“My prediction is that Bush will be far more accessible to the press than was Reagan,” Donaldson said. “He will do it, however, on his own terms and in a structured way that may not please some of us (in TV) in the sense that he’ll do quite a bit off-camera.”
Donaldson refers to interviews with print types.
NBC’s Mitchell thinks the TV omens are good. “For one thing, Bush has shown, at least so far, that he’s willing to talk to reporters much more frequently than Reagan ever did,” she said.
He also has confidence, a command of details, the wisdom not to answer a question to which he may not have all the facts, and, while he “will not be the natural performer that Reagan is,” nonetheless has “a wonderful sense of humor,” she said.
Mitchell has a qualifier, though. Although she thinks Bush will be more accessible to reporters than Reagan, the real test of that will come “after the first crisis, when all Presidents retreat into their corners.”
Rather agreed. “The question is whether it lasts,” he said. “Because unquestionably, the new President is going to get advice from all these people who make their living being media manipulators. They’re going to say to him, ‘All you need to do to be a success is just let me handle it. Don’t do anything that I tell you not to do.’ They’re already pounding on him about that.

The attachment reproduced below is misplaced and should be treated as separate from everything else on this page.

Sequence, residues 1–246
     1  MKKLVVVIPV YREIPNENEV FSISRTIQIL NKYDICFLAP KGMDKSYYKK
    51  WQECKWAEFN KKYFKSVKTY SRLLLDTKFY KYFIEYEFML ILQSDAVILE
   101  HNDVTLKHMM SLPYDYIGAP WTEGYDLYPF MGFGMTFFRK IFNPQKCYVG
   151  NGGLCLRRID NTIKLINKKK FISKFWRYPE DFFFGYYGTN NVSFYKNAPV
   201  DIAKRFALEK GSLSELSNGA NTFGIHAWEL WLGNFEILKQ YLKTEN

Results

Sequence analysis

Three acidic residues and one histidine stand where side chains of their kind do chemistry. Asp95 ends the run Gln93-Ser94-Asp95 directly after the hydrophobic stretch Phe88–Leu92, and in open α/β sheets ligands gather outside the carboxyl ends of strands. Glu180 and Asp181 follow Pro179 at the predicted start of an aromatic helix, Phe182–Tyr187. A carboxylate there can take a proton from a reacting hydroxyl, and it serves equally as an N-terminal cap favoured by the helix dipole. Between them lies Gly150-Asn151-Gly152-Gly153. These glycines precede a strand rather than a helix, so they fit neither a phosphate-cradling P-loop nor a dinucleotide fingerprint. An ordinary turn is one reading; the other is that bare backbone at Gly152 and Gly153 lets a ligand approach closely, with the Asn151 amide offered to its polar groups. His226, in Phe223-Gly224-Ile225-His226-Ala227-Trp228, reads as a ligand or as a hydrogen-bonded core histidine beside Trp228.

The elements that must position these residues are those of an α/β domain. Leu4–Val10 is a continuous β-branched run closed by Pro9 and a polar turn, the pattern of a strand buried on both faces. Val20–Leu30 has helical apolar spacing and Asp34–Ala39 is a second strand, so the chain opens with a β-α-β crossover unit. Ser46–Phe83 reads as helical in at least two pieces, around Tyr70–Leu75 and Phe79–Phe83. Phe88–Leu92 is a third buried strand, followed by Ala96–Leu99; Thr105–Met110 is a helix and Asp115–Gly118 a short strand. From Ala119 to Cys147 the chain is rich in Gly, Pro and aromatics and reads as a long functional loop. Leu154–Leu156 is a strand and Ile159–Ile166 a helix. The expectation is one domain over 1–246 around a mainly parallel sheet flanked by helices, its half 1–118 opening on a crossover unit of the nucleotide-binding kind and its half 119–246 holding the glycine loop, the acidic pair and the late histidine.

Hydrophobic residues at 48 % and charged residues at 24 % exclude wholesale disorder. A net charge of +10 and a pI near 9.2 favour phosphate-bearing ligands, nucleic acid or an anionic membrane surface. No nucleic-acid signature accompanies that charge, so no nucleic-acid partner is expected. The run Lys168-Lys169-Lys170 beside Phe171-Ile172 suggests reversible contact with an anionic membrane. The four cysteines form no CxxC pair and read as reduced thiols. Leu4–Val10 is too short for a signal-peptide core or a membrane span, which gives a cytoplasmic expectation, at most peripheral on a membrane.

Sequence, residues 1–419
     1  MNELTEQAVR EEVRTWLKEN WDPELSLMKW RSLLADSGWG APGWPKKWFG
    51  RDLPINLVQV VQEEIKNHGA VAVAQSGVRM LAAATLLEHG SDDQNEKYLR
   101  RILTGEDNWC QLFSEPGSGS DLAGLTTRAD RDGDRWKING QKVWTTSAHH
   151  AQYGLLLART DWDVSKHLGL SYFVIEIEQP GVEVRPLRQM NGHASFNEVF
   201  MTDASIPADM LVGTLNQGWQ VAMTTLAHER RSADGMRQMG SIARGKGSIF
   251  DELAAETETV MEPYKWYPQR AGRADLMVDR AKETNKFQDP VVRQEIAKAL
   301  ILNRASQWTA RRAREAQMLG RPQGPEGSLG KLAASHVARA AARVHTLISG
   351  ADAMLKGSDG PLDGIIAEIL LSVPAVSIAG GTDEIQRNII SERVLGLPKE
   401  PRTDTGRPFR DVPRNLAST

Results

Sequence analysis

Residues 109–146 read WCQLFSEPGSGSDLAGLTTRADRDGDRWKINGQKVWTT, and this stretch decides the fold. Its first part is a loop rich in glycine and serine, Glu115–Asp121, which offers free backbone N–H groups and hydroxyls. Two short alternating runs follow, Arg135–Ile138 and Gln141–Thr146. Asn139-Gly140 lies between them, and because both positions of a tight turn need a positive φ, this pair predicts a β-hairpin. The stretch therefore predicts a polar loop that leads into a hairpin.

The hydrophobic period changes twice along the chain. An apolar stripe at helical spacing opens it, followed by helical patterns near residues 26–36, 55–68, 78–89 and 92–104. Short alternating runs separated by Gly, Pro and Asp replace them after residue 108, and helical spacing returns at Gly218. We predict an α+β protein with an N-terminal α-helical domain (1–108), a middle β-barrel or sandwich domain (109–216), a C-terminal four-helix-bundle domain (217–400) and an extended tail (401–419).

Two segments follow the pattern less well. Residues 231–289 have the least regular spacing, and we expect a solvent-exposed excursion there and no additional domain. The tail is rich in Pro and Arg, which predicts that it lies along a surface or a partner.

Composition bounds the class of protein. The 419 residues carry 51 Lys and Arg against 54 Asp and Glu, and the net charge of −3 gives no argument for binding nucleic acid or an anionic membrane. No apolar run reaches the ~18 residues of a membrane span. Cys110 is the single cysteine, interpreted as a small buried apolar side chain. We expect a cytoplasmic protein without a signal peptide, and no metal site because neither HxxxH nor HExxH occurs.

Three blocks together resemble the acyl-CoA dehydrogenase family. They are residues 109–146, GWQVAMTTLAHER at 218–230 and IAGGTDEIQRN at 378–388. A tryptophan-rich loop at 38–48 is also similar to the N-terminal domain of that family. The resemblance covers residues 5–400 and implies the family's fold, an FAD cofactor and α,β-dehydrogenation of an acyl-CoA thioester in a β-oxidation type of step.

“So we’ll see if the new access lasts. I hope it does. Because he’ll be better served, and the country will be better served, if he listens to his own instincts--at least some of the time.”
PRESIDENTIAL PRESS CONFERENCES President: Roosevelt (1933-'45) Total conferences: 998 Avg. per month: 6.9 President: Truman (1945-'53) Total conferences: 324 Avg. per month: 3.5 President: Eisenhower (1953-'61) Total conferences: 193 Avg. per month: 2.0 President: Kennedy (1961-'63) Total conferences: 64 Avg. per month: 1.8 President: Johnson (1963-'69) Total conferences: 135 Avg. per month: 2.2 President: Nixon (1969-'74) Total conferences: 37 Avg. per month: 0.6 President: Ford (1974-'77) Total conferences: 39 Avg. per month: 1.3 President: Carter (1977-'81) Total conferences: 59 Avg. per month: 1.2 President: Reagan (1981-'89) Total conferences: 50 Avg. per month: 0.5 Source: Gannett Center for Media Studies